Symud i'r prif gynnwys
Cuddio Rhestr Erthyglau

15 erthygl ar y dudalen hon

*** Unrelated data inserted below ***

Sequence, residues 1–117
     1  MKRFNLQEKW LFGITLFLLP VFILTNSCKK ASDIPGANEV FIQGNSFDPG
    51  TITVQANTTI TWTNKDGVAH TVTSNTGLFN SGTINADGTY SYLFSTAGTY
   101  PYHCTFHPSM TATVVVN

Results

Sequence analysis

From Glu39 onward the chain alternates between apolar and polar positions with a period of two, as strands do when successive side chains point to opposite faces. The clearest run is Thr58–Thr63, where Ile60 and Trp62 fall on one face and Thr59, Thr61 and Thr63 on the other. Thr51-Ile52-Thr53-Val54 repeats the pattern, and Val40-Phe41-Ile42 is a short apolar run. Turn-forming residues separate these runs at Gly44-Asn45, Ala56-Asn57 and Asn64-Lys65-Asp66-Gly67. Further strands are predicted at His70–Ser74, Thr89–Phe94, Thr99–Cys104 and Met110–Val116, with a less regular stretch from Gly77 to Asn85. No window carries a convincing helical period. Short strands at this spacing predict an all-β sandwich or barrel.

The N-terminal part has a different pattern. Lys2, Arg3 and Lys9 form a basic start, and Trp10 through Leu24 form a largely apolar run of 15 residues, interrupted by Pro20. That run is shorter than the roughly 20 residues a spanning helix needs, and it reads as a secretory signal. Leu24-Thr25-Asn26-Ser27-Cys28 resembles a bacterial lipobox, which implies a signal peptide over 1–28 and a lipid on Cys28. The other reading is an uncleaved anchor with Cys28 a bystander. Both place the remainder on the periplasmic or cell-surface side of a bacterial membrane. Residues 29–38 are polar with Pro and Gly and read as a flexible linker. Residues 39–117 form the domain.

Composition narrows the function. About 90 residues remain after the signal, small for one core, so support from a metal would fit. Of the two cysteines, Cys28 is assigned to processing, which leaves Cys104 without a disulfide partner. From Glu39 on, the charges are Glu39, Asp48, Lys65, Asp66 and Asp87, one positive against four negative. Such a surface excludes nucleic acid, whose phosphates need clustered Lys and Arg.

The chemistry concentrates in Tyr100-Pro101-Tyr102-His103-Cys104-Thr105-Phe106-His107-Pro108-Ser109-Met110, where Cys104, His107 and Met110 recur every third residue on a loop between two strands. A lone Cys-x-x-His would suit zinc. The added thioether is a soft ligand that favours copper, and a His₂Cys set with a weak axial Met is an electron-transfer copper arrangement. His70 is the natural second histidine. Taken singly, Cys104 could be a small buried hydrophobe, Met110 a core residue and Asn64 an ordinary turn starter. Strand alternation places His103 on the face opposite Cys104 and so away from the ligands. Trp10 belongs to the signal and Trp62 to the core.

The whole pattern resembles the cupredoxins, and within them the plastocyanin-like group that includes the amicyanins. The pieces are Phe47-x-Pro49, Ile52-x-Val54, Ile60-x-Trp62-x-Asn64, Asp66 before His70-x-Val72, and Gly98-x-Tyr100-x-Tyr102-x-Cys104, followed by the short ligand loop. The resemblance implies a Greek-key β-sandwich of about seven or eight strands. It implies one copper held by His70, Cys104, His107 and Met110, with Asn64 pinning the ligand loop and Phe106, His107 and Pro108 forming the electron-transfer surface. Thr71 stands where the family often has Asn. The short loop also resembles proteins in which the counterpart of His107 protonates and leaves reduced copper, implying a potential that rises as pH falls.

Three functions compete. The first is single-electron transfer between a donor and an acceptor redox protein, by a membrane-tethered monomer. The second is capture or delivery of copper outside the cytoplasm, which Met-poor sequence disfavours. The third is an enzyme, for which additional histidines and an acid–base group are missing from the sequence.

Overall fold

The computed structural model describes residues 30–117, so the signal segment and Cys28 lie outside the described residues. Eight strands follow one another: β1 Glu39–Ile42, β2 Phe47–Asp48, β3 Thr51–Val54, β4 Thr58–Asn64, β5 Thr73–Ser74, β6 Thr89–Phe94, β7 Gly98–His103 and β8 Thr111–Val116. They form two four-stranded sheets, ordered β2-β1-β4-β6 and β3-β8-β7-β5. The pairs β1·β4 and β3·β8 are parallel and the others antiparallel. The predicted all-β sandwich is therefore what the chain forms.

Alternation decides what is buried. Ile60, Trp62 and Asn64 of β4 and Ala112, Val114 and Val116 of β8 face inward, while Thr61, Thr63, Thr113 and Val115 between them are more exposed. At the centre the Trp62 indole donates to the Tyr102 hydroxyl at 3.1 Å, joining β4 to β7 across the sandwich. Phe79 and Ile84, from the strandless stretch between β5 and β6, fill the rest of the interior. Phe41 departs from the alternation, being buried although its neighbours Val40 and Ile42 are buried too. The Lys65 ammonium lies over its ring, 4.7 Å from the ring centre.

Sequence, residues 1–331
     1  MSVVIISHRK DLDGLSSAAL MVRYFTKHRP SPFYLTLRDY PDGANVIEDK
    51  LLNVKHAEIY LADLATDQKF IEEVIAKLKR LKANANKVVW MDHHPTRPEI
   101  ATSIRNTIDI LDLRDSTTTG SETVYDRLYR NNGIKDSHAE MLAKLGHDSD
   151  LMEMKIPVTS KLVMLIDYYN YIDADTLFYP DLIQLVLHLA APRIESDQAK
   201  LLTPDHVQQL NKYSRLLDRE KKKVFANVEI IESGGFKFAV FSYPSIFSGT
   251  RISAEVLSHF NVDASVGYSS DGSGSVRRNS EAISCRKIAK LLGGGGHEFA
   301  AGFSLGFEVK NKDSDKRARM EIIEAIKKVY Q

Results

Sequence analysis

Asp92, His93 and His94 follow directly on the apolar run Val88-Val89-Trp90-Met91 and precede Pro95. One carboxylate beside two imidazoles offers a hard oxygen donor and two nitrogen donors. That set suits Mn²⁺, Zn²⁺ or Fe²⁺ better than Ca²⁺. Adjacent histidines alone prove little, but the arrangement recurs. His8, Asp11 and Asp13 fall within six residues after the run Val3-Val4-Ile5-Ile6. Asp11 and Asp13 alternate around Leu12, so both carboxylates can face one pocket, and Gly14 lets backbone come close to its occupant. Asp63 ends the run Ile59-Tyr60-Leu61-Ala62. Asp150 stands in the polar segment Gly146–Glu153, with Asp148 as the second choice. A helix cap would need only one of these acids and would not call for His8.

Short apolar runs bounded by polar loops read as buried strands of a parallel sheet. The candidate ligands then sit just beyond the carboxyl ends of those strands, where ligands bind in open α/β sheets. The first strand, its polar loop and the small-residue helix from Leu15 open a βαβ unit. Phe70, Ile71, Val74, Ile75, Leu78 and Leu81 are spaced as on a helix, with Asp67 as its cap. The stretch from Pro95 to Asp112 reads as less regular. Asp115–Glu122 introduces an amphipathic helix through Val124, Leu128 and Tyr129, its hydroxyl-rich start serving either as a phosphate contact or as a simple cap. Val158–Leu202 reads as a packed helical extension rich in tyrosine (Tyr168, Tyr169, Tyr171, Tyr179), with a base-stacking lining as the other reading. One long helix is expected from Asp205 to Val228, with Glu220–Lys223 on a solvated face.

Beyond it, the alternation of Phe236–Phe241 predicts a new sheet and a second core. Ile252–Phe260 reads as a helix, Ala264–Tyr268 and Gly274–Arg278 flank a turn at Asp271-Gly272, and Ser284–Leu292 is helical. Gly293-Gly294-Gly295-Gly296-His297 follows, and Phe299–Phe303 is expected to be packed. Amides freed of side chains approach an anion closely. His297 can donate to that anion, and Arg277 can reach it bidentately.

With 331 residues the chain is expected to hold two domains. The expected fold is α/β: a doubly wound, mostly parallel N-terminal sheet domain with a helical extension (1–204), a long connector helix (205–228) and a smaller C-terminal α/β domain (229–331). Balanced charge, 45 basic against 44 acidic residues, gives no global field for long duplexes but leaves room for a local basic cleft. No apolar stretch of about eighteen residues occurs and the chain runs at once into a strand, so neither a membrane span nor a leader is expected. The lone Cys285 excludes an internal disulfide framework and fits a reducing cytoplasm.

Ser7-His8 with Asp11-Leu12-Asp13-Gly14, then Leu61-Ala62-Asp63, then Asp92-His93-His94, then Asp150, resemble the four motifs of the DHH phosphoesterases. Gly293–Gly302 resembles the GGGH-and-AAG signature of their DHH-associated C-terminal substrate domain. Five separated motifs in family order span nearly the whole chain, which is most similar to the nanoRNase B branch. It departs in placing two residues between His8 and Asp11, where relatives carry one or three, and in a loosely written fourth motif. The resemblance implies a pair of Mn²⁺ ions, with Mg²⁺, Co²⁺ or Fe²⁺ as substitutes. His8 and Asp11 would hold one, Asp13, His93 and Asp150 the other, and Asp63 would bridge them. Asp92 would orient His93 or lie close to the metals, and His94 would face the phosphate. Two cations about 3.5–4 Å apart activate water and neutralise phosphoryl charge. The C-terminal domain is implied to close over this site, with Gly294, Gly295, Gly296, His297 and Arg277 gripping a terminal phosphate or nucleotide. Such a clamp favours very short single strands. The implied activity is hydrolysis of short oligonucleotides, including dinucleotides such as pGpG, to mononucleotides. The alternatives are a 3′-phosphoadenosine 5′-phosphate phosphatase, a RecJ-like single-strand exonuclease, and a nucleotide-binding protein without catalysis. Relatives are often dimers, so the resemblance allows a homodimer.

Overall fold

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THE ATTORNEY-GENERAL AT EXETER. At a luncheon given by the members of the Exeter School Board, after the laying of the corner stonee of four new schools, Sir John Duke Coleridge, in reply to the toast of The House of Commons," spoke as follows Elsewhere I should say that I could wish the duty had been cast upon some worthier and more distinguished member of the great assembly to return thanks for its health. But, gentlemen, I will not make any such profession here ana to you, because Exeter sent me to Parliament. Three times the electors of this great city have sent me to the House of Commons to represent them; and it is for them, if at any time they should think fit—it certainly is not for me—to discredit their judgment and throw doubt on the wisdom of their choice. I am very far indeed from saying that the House of Commons never makes mistakes, but I do 8ay there is not another legislative assembly in the world with a histoiy of seven centuries which can more honestly appeal to the great and noble feelings of gratitude and respect on the part of a country than the English House of Commons. What particular claims this present House of Commons may have on the gratitude of the people it is hardly for me to say. I Buppose that is a question upon which opinions differ. But I observe that a great number of persons, includ- ing a good number even of its own members, seem to be uncommonly anxious that it should come to an end—misled, I suppose, by our having worked so hard and our having done so much; and it seems to be forgotten that unless it should please the Queen to cut it short, elected as we were so short a time ago aa November, 1868, we have two whole years of con- stitutional life left in us yet. I continually see such phrases as dyingj Parliament "-some public writers frefer to use a Latin word, and call it a "moribund 'arliament," an "expiring Parliament," a "worn- out Parliament," an "effete Parliament," and now and then an obvious and easy joke as to the resem- blance between a natural death and Parliamentary dissolution. Now an Attorney-General knowa no secrets; and if he did know them it would be hit eacred duty not to reveal them. But I will hazard a prophecy, which, if it should be fulfilled, will, I am sure, in the minds of most people aslUn: us. considerable span of protracted existence. I venture to assert that we shall survive the termination even of the Tichborne trial. Gentlemen, there is even In this mixed assemby one subject upon which I may claim the gratitude of the people of England for this present House of Commons; and that U. V n°^e friend has already said, for the passing of the Education Act which has brought us together here to-day. I am not going to say—no man in his senses would say—that tkis or any other Act of Par- liament is perfect and does not need amendment; but this I do say, that it has traced the outlines and laid the foundations of a great system of national educa- tion, that it has done something to allay the greatest danger and wipe away the greatest scandal of this age and of this country. But whatever there is of injustice in the Act, only let it be made out by fair argument, only let it be sustained with reason—I can answer for the House of Commons, and I believe my noble friend will answer for the House of Lords —neither House of Parliament will willingly let an in- justice remain. Before I sit down I wish to say that it would be impossible for anyJGovernment either to fut forward, or if it put forward, to carry an absolute 'arliamentary prohibition of the element of religion of some kind in the national schools of this country. I do not say that it is the best religion that is taught; I do not say that it is the best mode of teaching it —my own opinion on this subject is very well known to those who care to know it—but I do say that to at- tempt, by Act of Parliament, to prescribe religion in general ifpolitically impossible, as I believe it would be morally wrong. Next I wish to say this, that I conceive it to be out of the question, in any system of national education, to attempt to refuse to re- cognise those great efforts of voluntary education to which up to this point of time the whole coun- try has been so deeply indebted. Any system that attempted to cover the whole ground of national education, and disregarded and put aside all the efforts ef all the systems that are at* present made and administered by voluntary bodies, could not oven present the appearance of a really effective system; and if it did attempt to present the appearance of an effective system, it could do so only by such an enormoui burden being imposed on the rates as would make tho very name and cause of education distasteful and unpopular. Educational controversies and the great work of education itself can only be allayed and con- ducted by the exercise of sound common sense, a good deal of good temper, and a good deal of that mutual forbearance of which I hope it is not too much to say that in each case the most powerful, the most nume- rous, and most wealthy body ought to be the body that is to set the example. So only, I am convinced, can we make effective inroads upon that great and dark kingdom of vice and ignorance which, depend upon it, do what we may, will require all our efforts and all our untited efforts, too, thoroughly to en- lighten and completely to subdue.

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